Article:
Monday, August 27, 2012

Developing young characters?

Developing young characters can present special challenges, as most of us, by the time we are writing children's books or writing about children, are no longer children.  Author Julia White offers her advice: 

Get to know your character and make him original. According to young-adult author Ellen Wittlinger, "The most important thing about building a character is to start on the inside... and layer on all the different qualities that make the person unique." Try writing out a list of questions and answering them for your character. The list can include basic questions, like age and music tastes, or more complex ones, such as your character's deepest fear. It is crucial to make the character real in your head, so that he will be convincing to a reader.
Local writers Lily and Danny (who requested we publish only their first names) came up with some great questions to help Lily develop main characters for a children's book she is planning.
1. What would this person do if confronted by a bear in the woods?

2. If this person saw or heard about an abandoned house where the lights inexplicably go off and on, what would he or she do?

3. If this person heard about treasure hidden somewhere she is not allowed to go, would she go look for it?

4. If this person had homework to do and her friend wanted to see a movie, what would she do?

5. If there was a meteor shower, would this person want to go see it? Why or why not?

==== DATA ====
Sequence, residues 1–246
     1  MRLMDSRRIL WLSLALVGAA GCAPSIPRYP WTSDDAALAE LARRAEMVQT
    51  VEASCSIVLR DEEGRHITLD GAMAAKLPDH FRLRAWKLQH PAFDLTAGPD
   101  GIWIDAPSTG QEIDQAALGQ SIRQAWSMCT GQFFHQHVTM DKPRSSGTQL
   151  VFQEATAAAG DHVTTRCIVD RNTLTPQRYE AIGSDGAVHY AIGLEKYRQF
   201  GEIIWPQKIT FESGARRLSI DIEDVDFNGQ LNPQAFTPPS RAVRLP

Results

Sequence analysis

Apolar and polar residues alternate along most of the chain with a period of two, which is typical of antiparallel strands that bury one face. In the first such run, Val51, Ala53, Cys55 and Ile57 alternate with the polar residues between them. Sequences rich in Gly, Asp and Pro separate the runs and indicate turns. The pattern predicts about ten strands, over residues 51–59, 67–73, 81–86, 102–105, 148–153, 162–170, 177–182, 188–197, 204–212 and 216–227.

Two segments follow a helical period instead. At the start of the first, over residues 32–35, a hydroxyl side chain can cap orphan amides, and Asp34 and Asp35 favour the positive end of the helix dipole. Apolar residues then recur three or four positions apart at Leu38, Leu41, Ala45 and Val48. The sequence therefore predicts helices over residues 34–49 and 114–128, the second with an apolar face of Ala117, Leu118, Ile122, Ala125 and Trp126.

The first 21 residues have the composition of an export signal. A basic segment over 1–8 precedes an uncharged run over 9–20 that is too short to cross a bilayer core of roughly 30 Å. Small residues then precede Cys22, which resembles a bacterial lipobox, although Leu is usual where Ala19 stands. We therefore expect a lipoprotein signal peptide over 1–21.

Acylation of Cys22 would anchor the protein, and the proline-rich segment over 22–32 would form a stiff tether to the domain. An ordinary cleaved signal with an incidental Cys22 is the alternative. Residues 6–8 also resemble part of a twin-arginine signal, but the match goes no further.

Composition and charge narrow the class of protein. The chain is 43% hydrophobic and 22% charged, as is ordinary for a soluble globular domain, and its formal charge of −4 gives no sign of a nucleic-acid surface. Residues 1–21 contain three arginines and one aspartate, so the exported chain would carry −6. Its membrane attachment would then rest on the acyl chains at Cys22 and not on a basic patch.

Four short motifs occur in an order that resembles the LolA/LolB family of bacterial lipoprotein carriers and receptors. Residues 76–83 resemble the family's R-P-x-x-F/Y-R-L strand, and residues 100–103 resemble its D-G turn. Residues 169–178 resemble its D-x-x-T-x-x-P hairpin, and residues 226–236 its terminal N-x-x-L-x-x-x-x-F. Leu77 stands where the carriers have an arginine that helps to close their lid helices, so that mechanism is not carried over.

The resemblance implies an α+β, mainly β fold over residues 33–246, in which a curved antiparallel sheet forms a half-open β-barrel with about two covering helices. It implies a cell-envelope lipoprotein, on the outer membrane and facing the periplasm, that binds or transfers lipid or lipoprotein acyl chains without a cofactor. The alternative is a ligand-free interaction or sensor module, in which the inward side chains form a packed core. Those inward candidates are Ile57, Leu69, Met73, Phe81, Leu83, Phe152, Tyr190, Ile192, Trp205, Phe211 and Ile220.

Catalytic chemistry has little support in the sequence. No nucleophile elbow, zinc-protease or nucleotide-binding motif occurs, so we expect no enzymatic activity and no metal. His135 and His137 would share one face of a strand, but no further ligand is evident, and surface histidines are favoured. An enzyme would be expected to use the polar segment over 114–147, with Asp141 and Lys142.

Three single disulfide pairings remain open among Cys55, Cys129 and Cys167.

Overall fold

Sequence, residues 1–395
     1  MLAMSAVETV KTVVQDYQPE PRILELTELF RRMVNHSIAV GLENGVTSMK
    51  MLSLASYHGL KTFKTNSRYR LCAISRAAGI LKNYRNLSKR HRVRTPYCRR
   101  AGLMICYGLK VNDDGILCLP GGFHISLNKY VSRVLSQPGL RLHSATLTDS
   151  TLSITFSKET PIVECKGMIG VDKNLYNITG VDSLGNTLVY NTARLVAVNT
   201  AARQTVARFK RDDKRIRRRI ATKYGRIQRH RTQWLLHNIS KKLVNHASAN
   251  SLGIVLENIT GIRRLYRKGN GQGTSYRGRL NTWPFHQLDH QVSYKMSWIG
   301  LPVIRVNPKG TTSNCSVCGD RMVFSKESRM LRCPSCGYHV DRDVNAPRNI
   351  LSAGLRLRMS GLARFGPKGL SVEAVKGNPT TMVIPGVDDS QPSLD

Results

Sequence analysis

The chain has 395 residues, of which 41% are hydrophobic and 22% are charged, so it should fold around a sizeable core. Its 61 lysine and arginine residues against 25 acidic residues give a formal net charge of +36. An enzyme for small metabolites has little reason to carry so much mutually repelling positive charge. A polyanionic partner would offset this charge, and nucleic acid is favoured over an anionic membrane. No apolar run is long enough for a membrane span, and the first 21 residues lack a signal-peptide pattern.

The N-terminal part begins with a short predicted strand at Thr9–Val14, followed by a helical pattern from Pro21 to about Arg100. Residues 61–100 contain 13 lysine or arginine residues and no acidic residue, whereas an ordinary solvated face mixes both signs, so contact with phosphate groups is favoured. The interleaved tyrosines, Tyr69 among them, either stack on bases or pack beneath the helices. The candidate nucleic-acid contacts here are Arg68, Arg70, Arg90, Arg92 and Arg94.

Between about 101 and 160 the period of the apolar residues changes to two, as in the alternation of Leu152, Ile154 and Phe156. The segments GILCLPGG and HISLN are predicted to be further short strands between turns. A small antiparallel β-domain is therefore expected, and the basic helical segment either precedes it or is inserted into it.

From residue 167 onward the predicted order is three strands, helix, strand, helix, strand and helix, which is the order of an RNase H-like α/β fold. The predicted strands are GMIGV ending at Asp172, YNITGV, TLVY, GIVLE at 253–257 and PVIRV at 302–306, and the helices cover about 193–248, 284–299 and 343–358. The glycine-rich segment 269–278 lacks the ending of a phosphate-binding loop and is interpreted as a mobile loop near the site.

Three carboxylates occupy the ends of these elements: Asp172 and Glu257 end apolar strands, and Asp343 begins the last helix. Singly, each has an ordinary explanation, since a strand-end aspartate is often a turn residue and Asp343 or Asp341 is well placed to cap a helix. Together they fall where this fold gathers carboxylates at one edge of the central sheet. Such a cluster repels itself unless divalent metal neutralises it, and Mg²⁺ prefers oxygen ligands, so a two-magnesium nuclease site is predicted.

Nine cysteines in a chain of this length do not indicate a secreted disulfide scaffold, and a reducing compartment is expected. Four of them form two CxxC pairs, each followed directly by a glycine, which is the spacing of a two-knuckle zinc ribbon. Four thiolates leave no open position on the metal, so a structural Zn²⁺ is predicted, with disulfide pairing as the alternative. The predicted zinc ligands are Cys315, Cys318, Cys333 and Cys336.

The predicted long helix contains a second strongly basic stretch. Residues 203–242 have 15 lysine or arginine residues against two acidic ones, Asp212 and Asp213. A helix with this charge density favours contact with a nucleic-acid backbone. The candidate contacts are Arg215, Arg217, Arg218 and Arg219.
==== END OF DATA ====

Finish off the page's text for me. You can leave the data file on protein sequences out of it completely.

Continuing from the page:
6. Does this person go for walks in the woods? Why or why not?

7. If not, does this person go for walks elsewhere? Why or why not?

8. Does this person have a pet? If so, how does he or she react to it?

9. Would this person go to the store in the rain after dark to get orange juice for his or her sick brother?

10. When this kid misbehaves, what do the parents threaten to take away?

11. Pick five kids’ TV shows. Which show would this child be most likely to watch? 

How would you answer these questions if you were writing a children's book?  Are there other questions you would ask?

For more ideas on developing characters for children's books, see

1 comment:

  1. I love thinking about questions like these. For my kids' book (, I needed to know specific things like

    What were my main character's hopes and aspirations?
    What would make my character really angry?
    What would my character look like when he got angry?
    What would my character do when he got angry?
    How about when he was sad? What would he look like and do?
    What would help my character settle down?
    What would he look like once he was no longer angry or sad?
    What was my character's typical disposition when he wasn't angry or sad?
    What would make my character happy?
    What would my character look like when he was happy?
    What were my character's favorite activities?